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…well, I’ll not beat about the bush. Torrelavega is not exactly Paris. If Cabezón is a more rustic version of Villafranca, Torre is the Almendralejo equivalent in Kate’s neck-o’-the-woods. But like Almendralejo, it’s got its own charms. One of them goes by the name of red velvet sponge-cake.

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We arrived in Torrelavega looking for the bus to Potes, but the bus station proved singularly unhelpful, and a quick browse of the internet told us that the bus we were looking for left not from the bus station, but from the Palomera office by the train station we’d just left behind. In a scene which echoed the night before (albeit in slow motion), we half-ran back to the station… but there was absolutely no sign of the bus. Or any bus. Or even a bus stop, for that matter. Unless the Potes bus is a mystical bus which flies through the air and receives its passengers from the balcony of the Palomera offices on the second floor, I declare that bus stop to be an enigma. The city of Atlantis and the fabled kingdom of Shangri-La have captivated the imagination of man for centuries. Now I shall brazenly add the Palomera bus stop to that box of unsolved mysteries.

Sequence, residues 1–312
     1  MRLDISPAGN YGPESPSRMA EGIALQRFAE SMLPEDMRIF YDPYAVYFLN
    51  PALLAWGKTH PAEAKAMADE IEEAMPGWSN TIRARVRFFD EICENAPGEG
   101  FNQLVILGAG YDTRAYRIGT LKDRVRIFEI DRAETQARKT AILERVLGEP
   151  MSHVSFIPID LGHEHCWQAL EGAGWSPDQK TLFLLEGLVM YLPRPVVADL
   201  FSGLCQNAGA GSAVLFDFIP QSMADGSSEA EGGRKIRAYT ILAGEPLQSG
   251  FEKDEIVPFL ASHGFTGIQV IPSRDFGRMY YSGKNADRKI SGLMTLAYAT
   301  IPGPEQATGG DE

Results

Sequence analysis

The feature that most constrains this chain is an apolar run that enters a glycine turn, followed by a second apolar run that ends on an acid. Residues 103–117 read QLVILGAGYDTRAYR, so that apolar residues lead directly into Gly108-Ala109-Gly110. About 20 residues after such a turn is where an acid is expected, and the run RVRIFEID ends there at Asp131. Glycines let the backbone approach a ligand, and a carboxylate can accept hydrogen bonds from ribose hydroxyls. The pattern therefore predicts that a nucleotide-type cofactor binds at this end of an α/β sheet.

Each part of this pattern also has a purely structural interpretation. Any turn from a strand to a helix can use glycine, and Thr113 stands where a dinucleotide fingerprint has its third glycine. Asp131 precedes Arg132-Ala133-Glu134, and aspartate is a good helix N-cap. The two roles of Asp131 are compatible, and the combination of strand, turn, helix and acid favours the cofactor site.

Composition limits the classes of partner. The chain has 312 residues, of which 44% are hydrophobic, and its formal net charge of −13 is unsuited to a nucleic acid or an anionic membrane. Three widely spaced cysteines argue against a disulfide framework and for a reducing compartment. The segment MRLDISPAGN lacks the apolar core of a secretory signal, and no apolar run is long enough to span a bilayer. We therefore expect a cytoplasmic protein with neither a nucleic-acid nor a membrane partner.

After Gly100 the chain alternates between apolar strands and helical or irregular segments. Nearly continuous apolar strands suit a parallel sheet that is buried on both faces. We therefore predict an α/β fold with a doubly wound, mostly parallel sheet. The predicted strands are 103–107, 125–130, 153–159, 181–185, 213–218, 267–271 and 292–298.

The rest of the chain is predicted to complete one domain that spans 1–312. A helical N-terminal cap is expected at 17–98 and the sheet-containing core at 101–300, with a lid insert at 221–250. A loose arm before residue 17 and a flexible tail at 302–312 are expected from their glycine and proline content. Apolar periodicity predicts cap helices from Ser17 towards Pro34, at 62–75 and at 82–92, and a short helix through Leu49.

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Thinking on our feet, we dabbled with the idea of catching the train into Asturias in search of the equally mysterious inland bay of Gulpiyuri, but after all of that faffing around with the Potes bus we’d just missed the only practical train to Llanes by five minutes. As though calling out from a memory, Santillana del Mar came to mind and I decided we would grab the next train back to Cabezón and strike out for the coast via the Town of Three Lies. Public transport has as its advantages, but as a species, we should never forget that it was learning to walk on our own two feet that got us where we are today. And so off we went.

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The strangest thing about this last-minute change of plan was that it meant retracing my steps almost pace for pace from that ridiculous adventure, now some four years ago, right down to getting off at the very station where the driving rain turned me back to the shelter of Santillana del Mar. But for a few forks in the road, I had the entire route embedded in my mind as though I’d walked it ten times over rather than once. Perhaps that’s fate. She’s been playing a long game with me.